Members of the US Paralympic Alpine Skiing Team take practice runs at Winter Park in 2019.
Since the first Paralympic Winter Games in 1976, more than 2,000 athletes from dozens of countries have competed in Para alpine skiing, but the sport was born out of a much different worldwide event.
After World War II, veterans living with amputations resulting from their time in battle began to discover ways to return to the sports they loved. Developed largely in Germany and Austria, the sport of Para alpine grew and before long organizations were formed and races were held. The sport then expanded to include visually impaired athletes, and in 1976, Para alpine and Para Nordic skiing became the two sports included in the very first Winter Paralympics in Örnsköldsvik, Sweden.
Since that time, the U.S. has won a world-leading 91 gold medals in Paralympic alpine skiing and produced some of the most decorated athletes in the sport’s history, including Sarah Will (13 medals, No. 2 all-time among women) and Greg Mannino (12 medals, No. 5 all-time among men).
The sport has also grown to include five types of races, but what’s the difference between them? All involve hurtling down the hill for time on a course filled with gates, but what are considered speed events and what are considered technical events? What came first? Let’s take a look.
Slalom and its cousin, giant slalom, were the first alpine events contested at the Paralympics (along with a combined event). Considered the most technical of the disciplines, slalom requires racers to go down not one but two different courses in the same day, and their times are combined into one total time. The courses in slalom are the shortest of the disciplines, ranging from a vertical drop of around 450 to 750 feet, and also have the most gates, hence the high technical requirements.
As the name implies, giant slalom is similar to slalom but runs on longer courses with fewer gates. Athletes still have to race on two different courses, and it’s still considered a technical event, but the vertical drop generally ranges between 1,000 and 1,300 feet. A total of 64 men and just 14 women from 28 countries competed in slalom, giant slalom and alpine combined in 1976, and the disabilities included were amputations and visual impairments. The U.S. had only one competitor, Bill Hovanic. Four years later, U.S. athletes won Team USA’s first Winter Paralympic medals, all in alpine skiing. Cindy Castellano and Doug Keil each won gold in women’s and men’s slalom and giant slalom, respectively, while Kathy Poohachof won silver in women’s giant slalom and Janet Penn won bronze in women’s giant slalom, all in their respective classifications.
Downhill racing was added to the Paralympic program beginning in 1984 in Innsbruck, Austria. The fastest of the events, athletes don’t have as many gates to contend with but they do have to ski as fast as they can down a long, steep course and they only get one run instead of two. Paul Dibello won one of his four gold medals that year in downhill, and throughout the 1990s the U.S. had a number of athletes dominate in their categories. Mannino was unbeatable in the LW2 classification during the decade, winning gold in 1992, 1994 and 1998. Will, Sarah Billmeier and Nancy Gustafson were among the fastest women not only in the U.S. but also the world in their respective classifications, with each winning consecutive gold medals in 1992 and 1994 (Billmeier and Will each won a third too, in 1998 and 2002, respectively).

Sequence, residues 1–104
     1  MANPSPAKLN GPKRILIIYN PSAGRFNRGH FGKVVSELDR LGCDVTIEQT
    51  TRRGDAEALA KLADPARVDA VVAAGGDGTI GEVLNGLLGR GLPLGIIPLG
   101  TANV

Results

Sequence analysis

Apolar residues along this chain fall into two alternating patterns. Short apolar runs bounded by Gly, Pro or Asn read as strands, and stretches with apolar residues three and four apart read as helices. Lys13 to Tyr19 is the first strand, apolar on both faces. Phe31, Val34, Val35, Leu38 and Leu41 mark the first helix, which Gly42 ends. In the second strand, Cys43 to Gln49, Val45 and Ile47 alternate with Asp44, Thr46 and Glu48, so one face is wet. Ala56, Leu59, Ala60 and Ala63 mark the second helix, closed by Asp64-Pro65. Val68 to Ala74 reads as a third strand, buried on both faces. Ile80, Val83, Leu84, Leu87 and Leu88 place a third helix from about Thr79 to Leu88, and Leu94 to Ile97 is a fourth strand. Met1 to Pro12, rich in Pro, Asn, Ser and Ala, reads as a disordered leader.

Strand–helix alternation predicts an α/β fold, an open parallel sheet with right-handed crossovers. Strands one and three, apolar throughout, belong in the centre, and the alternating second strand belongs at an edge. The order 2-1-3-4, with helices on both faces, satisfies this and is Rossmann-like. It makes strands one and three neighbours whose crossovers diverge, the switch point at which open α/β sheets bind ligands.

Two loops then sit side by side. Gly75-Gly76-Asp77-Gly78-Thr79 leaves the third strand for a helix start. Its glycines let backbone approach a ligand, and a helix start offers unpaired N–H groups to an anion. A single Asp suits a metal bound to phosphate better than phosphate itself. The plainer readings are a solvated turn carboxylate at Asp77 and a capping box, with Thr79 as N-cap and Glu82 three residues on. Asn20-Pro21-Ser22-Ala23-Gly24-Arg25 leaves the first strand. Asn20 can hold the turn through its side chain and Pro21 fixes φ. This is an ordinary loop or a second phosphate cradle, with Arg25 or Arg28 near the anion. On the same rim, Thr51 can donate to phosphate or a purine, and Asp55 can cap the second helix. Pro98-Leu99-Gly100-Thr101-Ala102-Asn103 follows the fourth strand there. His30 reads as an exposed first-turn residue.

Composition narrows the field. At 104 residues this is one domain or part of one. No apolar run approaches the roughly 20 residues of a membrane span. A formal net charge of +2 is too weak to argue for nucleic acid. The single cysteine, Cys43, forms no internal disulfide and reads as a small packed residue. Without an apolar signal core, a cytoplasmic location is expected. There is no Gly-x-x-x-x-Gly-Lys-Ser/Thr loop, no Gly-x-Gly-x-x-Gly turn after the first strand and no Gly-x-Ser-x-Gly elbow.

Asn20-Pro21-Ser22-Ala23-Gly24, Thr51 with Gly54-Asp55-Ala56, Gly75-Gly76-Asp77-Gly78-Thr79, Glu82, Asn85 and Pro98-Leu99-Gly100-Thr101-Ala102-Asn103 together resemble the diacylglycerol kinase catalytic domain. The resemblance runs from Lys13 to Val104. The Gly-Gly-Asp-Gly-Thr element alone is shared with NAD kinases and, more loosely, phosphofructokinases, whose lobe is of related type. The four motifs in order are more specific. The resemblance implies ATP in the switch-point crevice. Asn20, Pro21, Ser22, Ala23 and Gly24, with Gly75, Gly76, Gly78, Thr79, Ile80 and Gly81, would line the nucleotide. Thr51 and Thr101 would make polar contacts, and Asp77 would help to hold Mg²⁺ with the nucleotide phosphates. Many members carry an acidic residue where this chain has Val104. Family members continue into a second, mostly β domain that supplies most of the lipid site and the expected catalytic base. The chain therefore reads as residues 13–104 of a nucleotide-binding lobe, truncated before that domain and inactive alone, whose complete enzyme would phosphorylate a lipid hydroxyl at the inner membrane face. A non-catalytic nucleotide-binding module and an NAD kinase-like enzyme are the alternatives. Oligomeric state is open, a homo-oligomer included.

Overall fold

Super-G came on the scene at the 1992 Winter Games in Tignes an Albertville, France. First introduced in the world of competitive skiing earlier in the 1980s, super-G falls somewhere between the slalom and downhill courses in terms of length and is another speed event. Also like downhill, it’s one run and done. Mannino also dominated in this event, winning gold in 1992, 1994 and 1998, and visually impaired skier Brian Santos won gold in 1992 and 1994 in the B3 classification. Will and Billmeier combined for six gold medals in super-G between 1992 and 2002.
For those who are both fast and technical, this event shows off both. It’s a race consisting of two different runs on the same day, and while the combinations can change it’s usually either a downhill or super-G plus a slalom run to test a skier’s skills. An alpine combined event was included in the original 1976 Winter Games and was held again in 1984, but then wasn’t included again until 2010 in Vancouver.
Sitting, Standing And Tandem
While Para alpine has five races, each races has multiple divisions due to the different categorizations. Stand skiing has always been part of the Paralympics, while tandem skiing for visually impaired athletes and sit skiing (also called monoskiing) were added later.